Keflavík International Airport
Keflavik International Airport is located in Reykjavik, Iceland. The size of the airport is 25 square kilometers or approximately 10 square miles. It is the largest airport in Iceland and is the main hub for all of Iceland’s international travel. Most international flights to and from Iceland are connected through Keflavik. Almost all flights out of Keflavik are to international destinations. The airport is exclusively an international airport, with domestic flights being operated out of Reykjavik Airport. The airport is owned by Isavia, an enterprise founded by the Icelandic Civil Aviation Administration. The airport’s elevation is approximately 171 feet above sea level.
History of the Airport
The Airport was constructed by the United States military during its involvement in World War II. The U.S. Army Air Force needed an airfield for their heavy duty bombers and a strip for their fighter planes. After the government allocated the necessary funds, construction began in 1942. The fighter strip was named Patterson Field. The two runways of the field were used in July of that year as a part of Operation Bolero. Construction of the bomber field, later named Meeks Field, began soon after. Military and civilian contractors began construction until the U.S. Navy’s Seabees came in to replace the civilian workers. Meeks Field was dedicated in March of 1943 and was used as a stop for transatlantic military flights. The airport was exclusively used for military purposes for the duration of the war. After the war, the airfield was converted as a refueling stop for transatlantic flights. As the United States withdrew its forces in 1947, the airport was handed over to the country of Iceland. It was later named Keflavik. The U.S. forces would eventually return to Keflavik in 1951 as a part of NATO. However, the country of Iceland does not have a military. The United States and Iceland operated the airport jointly until September 2006 when the installation was handed over to the Icelandic government.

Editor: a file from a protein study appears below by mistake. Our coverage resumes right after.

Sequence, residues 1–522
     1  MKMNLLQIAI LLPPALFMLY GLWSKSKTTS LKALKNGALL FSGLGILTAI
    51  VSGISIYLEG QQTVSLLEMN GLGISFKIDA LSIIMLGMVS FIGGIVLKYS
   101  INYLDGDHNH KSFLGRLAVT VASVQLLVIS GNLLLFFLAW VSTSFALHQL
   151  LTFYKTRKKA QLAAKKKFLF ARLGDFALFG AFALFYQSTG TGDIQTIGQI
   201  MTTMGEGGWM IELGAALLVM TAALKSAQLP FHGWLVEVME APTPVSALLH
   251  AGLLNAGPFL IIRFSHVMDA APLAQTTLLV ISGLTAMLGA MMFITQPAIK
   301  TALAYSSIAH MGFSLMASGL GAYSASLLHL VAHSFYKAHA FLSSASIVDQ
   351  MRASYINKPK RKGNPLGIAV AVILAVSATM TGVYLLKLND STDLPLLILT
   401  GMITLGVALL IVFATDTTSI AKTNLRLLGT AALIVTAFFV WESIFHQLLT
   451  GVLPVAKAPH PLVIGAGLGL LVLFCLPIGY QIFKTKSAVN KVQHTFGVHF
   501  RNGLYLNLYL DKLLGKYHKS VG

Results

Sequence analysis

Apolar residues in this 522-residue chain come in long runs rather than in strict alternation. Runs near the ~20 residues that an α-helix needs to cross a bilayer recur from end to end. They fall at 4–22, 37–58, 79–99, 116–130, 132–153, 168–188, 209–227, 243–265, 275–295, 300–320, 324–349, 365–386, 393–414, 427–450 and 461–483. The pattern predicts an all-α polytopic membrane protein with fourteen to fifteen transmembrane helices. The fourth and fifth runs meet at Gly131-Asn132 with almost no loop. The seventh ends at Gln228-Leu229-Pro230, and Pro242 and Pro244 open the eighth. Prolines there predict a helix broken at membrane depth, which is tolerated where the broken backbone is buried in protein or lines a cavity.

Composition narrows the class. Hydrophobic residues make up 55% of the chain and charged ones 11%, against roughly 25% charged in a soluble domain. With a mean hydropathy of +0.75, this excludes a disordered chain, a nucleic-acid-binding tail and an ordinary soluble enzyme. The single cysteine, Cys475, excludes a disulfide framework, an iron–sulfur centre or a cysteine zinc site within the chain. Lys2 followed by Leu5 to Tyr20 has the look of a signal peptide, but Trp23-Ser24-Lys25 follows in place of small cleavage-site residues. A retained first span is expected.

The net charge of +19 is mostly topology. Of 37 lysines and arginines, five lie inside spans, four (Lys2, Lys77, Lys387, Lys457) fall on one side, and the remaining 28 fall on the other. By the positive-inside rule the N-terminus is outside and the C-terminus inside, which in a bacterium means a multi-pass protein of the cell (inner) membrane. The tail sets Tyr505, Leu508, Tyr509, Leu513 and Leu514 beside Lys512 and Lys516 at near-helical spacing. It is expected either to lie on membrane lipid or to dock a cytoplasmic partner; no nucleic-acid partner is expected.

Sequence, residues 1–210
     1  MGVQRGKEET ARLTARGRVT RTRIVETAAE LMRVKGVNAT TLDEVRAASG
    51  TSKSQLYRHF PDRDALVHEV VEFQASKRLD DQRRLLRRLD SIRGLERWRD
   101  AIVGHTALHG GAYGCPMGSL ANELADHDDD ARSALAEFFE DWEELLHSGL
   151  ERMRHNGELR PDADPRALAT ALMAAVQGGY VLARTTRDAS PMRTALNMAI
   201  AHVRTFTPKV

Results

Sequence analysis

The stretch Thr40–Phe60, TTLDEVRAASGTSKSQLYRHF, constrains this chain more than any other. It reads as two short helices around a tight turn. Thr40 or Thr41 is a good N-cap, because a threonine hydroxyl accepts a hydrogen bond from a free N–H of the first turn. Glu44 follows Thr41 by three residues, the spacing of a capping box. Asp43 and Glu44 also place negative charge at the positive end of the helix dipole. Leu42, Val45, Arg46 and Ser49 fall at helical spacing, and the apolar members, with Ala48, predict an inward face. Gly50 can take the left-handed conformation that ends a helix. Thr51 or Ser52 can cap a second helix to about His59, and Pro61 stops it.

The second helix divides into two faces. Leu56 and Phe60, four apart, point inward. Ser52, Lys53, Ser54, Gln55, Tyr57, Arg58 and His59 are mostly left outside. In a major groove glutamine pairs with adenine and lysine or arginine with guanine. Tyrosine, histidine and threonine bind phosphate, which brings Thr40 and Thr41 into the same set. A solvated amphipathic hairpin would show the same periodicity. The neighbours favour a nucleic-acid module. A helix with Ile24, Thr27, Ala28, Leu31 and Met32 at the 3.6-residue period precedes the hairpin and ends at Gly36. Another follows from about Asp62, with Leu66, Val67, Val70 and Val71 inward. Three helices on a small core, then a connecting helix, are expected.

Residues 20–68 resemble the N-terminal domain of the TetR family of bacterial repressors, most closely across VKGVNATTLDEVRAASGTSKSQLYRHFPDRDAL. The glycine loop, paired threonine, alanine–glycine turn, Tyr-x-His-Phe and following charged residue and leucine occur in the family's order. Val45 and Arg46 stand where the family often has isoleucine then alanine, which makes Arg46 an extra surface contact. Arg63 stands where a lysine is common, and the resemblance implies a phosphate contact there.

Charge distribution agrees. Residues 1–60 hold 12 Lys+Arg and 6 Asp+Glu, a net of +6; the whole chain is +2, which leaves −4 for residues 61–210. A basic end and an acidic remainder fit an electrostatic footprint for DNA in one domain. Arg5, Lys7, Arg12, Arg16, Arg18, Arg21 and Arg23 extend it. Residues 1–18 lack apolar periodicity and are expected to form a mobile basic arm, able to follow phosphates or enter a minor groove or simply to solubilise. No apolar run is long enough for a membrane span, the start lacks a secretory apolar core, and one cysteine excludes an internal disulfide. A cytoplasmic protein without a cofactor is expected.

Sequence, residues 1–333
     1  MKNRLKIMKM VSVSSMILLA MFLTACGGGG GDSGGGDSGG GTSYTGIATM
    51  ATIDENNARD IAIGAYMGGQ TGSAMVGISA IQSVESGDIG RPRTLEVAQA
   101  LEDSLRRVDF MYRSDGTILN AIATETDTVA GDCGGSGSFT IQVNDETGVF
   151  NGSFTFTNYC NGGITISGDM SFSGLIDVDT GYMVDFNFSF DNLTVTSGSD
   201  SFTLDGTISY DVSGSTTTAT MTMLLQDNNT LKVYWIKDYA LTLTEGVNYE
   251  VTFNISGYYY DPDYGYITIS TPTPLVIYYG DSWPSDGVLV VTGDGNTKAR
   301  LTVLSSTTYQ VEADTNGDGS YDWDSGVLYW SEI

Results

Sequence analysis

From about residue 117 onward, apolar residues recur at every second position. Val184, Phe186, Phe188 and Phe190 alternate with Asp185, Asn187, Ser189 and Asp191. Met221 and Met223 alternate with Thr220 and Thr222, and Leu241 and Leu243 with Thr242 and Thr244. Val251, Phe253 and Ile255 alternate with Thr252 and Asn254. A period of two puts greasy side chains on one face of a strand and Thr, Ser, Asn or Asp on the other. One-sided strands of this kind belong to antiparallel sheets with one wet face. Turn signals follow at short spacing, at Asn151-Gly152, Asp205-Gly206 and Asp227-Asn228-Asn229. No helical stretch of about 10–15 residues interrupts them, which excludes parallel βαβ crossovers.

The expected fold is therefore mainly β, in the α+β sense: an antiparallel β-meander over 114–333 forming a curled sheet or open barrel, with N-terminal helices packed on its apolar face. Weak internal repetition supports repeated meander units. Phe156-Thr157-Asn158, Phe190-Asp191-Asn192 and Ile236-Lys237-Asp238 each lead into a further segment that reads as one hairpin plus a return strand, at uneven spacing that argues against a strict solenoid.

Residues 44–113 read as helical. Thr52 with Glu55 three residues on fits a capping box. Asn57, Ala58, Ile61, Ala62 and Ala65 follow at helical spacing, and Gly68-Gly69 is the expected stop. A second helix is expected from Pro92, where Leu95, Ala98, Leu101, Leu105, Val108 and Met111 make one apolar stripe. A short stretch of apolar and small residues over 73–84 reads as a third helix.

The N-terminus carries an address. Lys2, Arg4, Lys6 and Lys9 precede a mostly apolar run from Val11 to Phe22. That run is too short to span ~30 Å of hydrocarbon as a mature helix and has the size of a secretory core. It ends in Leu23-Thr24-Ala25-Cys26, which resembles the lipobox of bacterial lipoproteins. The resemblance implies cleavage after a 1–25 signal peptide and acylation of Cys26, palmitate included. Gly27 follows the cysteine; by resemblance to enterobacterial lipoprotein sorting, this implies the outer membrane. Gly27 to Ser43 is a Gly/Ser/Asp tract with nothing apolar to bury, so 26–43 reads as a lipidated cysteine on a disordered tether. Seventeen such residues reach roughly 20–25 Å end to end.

The 1951 Iceland-U.S. Defense Agreement allowing the return of U.S. forces to Iceland was a controversial issue. The military base was reconstructed in the early 1950s. At the same time, the terminal itself was located in the middle of base itself. International travelers flying in and out of the airport encountered military checkpoints. Some travelers seemed to believe they were at a disadvantage and believed that the United States had complete control over access of Iceland. The military checkpoints remained in place until the relocation of the civilian terminal was completed in 1987. The once-known Military Area was re-designated as the airport’s security and development area. The area is supervised by the airport and the Icelandic Defense Agency.
Keflavik Airport Operations
There is one terminal in Keflavik. The Leifur Eriksson Terminal is named after Leif Ericson. The terminal was opened on April 6, 1987. The terminal was designed to separate the civilian air traffic from the military traffic. In compliance with the Schengen Agreement, the terminal was extended with the South Building opening up in 2001. Enlargement of the North Building was completed in 2007.